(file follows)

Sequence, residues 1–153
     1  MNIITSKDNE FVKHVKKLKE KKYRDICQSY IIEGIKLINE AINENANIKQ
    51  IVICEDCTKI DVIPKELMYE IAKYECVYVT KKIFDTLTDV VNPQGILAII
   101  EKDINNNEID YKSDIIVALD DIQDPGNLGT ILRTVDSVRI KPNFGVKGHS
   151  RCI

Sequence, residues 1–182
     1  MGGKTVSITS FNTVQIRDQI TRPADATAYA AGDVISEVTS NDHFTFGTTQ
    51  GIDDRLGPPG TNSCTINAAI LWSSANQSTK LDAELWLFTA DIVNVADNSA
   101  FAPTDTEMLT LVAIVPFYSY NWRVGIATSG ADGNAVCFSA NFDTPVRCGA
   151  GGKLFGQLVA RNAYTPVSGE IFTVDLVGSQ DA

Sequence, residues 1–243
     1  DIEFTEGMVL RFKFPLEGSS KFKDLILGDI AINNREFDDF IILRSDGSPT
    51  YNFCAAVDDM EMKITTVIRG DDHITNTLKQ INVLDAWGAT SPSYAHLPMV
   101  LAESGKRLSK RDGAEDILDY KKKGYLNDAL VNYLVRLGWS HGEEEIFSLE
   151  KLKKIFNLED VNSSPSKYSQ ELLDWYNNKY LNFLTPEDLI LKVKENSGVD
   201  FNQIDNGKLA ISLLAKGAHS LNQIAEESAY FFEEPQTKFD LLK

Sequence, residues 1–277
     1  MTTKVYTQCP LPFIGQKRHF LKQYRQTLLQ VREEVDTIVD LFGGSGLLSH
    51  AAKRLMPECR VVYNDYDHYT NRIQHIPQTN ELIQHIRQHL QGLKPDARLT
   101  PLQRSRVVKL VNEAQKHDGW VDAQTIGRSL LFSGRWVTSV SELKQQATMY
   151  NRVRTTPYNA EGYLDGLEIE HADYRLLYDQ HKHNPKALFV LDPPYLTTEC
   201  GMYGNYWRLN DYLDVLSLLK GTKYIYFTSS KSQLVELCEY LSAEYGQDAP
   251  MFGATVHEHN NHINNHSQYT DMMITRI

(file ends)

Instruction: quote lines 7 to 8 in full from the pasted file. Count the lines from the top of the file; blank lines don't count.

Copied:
     1  MGGKTVSITS FNTVQIRDQI TRPADATAYA AGDVISEVTS NDHFTFGTTQ
    51  GIDDRLGPPG TNSCTINAAI LWSSANQSTK LDAELWLFTA DIVNVADNSA